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  The Important Progressive Rummy Rules You Should Know

Progressive Rummy is one of the most popular versions of the Contract Rummy variant of Rummy. Contract Rummy refers to a specific game as well as to a subcategory of Rummy games where the players need to meet specific requirements or contracts when they form their initial melds. These contracts or requirements are generally their tickets to being able to progress in the game. The name “Progressive Rummy” is mainly taken from the fact that the players need to progress through many different deals or hands in a single game, and each deal has a specific contract. In addition to that, the contracts increase in difficulty as the players progress in the game. Like all other types of Contract Rummy games, Progressive Rummy is considered as a highly exciting game that provides an interesting twist to the regular Rummy game. It becomes all the more exciting since it can be played by eight players altogether, though most rulebooks advise that the best number of players in a Contract Rummy game is four. According to the Progressive Rummy rules, the game uses two decks of cards. There should also be four Jokers in a game, all of which are considered wild cards. This game is quite popular in the card gaming circle and is also offered in online Rummy websites.

Progressive Rummy Rules on Deals and Contracts

To play Progressive Rummy, memorizing the Progressive Rummy rules is just not enough. It is also highly important to know and remember the different contracts of each deal. One game has seven different parts, which are called deals or hands. In every deal, there is a different contract. Aside from that, though, every deal also has a corresponding number of cards that will be dealt to the players. This means that the players will get a different number of cards in every deal. That’s why in Progressive Rummy rules, it is important that the dealer deal the right number of cards to each player. So in the first deal, the players will get six cards each, but in the second, they will get seven cards each. The third deal is equal to eight cards, and the fourth to nine. In the fifth deal, every player will get ten cards, and in the sixth, they will get eleven cards. The last deal is the seventh deal, where the players each get twelve cards. The contracts also differ for every deal. But aside from differ, they also become more and more difficulty. During the first deal, players need to be able to form two sets. During the second, they need to form one set and one run. In the third, they should form two runs, and in the fourth, they should form three sets. The contracts continue to build the challenge. The fifth deal requires players to form two sets and one run, and the sixth deal requires them to form one set and two runs. Finally, in the last deal, the players need to form three runs.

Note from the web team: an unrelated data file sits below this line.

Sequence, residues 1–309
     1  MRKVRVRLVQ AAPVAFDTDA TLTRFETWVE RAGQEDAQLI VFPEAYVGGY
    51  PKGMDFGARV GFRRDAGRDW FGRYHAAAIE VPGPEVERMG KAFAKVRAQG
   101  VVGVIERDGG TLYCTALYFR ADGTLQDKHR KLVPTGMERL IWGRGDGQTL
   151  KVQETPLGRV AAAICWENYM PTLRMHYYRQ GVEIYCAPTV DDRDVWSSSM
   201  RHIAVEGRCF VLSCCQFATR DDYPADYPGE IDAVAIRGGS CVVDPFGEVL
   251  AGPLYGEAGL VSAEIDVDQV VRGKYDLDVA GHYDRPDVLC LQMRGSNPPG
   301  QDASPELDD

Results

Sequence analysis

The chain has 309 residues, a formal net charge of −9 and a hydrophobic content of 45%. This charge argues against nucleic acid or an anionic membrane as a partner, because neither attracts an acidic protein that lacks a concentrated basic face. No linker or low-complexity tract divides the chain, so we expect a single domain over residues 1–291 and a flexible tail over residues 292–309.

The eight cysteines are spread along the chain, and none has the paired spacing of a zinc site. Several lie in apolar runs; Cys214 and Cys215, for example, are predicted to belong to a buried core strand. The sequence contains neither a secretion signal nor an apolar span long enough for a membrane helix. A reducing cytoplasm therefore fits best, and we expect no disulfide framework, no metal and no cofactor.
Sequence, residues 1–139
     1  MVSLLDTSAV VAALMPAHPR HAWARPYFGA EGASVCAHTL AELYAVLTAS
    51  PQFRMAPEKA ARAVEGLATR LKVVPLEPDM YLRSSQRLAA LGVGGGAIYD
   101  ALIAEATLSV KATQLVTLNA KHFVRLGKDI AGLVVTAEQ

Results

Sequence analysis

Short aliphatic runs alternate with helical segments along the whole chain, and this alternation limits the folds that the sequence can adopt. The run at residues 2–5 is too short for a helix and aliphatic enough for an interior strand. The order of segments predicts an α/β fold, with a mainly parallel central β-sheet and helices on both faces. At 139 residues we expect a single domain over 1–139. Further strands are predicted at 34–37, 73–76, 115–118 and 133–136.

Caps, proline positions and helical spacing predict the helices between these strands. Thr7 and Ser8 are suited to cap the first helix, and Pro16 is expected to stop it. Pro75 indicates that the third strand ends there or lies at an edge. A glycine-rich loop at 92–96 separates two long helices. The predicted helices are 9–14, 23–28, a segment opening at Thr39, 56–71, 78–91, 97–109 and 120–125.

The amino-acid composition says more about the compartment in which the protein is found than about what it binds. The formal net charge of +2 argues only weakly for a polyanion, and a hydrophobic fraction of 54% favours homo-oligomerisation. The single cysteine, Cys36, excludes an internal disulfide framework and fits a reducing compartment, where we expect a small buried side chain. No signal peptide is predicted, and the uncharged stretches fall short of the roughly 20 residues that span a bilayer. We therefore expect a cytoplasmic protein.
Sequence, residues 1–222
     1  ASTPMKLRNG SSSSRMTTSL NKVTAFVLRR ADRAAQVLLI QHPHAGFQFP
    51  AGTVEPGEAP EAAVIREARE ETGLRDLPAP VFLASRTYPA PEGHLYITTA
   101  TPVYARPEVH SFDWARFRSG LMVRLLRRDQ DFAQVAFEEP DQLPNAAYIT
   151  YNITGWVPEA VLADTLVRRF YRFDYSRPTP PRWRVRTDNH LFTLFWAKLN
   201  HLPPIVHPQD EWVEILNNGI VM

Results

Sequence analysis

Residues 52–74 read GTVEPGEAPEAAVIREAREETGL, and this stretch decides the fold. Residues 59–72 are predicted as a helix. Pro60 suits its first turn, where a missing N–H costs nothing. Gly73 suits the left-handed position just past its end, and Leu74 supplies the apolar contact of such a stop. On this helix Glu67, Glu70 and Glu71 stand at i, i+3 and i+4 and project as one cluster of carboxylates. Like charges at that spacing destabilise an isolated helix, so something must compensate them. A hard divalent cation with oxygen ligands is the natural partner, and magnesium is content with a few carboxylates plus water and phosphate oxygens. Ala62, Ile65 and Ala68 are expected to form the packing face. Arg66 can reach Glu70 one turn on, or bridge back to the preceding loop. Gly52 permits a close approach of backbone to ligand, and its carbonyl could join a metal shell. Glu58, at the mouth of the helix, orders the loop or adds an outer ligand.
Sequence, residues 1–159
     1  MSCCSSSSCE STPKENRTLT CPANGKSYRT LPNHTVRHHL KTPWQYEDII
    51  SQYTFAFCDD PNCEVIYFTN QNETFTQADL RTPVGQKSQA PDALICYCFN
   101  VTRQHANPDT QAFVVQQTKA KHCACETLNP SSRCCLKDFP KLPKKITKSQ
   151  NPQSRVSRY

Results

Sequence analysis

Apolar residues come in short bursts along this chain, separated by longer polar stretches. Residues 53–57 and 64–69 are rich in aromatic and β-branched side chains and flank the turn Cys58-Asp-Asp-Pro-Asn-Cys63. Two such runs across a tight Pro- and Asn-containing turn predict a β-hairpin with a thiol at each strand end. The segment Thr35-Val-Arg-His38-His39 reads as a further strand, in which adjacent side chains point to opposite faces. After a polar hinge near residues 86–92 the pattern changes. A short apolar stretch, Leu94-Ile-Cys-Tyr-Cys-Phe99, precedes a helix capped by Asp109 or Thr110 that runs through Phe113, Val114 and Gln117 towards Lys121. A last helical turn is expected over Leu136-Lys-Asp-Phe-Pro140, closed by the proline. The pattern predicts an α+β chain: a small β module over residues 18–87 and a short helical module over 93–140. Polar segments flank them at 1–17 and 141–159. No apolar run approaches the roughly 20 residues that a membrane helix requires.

Progressive Rummy Rules on Buying the Upcard

There is another special rule in Progressive Rummy, and this one involves the upcard, or the card immediately on top of the discard pile. When a player is about to draw a card, he can choose to draw either from the stock pile or from the discard pile. If he decides not to take the upcard, the player on his left is given the opportunity to take the card. If that player also refuses to take the card, the choice moves on to the next player. This goes on until all the players are given their chance to take the card. If a player decides to take the card, he has to take it along with another face down card from the stock pile. This is a move called buying, which means buying the upcard by taking another card into your hand.

Progressive Rummy Rules on Melding

Progressive Rummy follows the traditional Rummy pattern of melding rather than that of Gin games. This means that player melds are placed on the table once they are complete, so that all the players can add cards to it in a move called “lay off” or “building,” as it is called in the traditional Rummy game. If, however, a player lays down two runs that have successive values, he cannot join the two runs into one. In melding, take note that there are more cards in the game, so there are more possible melds you can form. There are also rules about the use of Jokers, which are wild cards. If a Joker is used to substitute for another card, it automatically takes the value of that card and can no longer be removed or moved. Also, in some cases, the use of wild cards may cause confusion as to the nature of the meld. In these cases, the players should clearly declare the value of the wild card.




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